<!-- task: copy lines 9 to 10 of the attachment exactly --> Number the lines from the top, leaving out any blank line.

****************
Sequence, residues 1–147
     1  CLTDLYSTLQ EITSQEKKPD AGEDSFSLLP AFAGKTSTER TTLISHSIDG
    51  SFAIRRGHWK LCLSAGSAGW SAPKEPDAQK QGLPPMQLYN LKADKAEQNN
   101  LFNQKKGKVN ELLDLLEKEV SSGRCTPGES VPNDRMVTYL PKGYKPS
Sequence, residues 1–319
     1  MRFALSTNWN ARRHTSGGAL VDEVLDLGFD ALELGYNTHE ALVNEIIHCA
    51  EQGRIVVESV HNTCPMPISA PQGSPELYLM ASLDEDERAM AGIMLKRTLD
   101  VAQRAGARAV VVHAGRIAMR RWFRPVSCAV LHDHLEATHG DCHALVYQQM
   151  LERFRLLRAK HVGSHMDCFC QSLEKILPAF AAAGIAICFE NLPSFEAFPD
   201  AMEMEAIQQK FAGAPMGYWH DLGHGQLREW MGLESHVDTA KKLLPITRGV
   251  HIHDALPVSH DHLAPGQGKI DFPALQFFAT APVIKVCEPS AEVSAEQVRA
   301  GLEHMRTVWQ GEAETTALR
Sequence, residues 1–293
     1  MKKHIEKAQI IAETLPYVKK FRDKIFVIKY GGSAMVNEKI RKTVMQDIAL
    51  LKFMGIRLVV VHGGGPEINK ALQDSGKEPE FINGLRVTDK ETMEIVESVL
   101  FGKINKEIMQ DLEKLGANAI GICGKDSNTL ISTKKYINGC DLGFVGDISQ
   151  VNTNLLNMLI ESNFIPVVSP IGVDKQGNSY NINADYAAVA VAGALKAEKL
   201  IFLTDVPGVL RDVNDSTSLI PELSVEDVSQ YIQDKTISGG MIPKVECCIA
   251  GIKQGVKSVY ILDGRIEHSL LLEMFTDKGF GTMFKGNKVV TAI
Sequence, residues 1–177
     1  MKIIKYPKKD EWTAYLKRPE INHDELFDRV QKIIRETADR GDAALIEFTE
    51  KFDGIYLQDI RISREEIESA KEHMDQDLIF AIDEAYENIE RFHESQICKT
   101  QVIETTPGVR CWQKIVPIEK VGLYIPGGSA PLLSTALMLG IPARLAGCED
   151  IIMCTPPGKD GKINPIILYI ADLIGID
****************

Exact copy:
   151  LERFRLLRAK HVGSHMDCFC QSLEKILPAF AAAGIAICFE NLPSFEAFPD
   201  AMEMEAIQQK FAGAPMGYWH DLGHGQLREW MGLESHVDTA KKLLPITRGV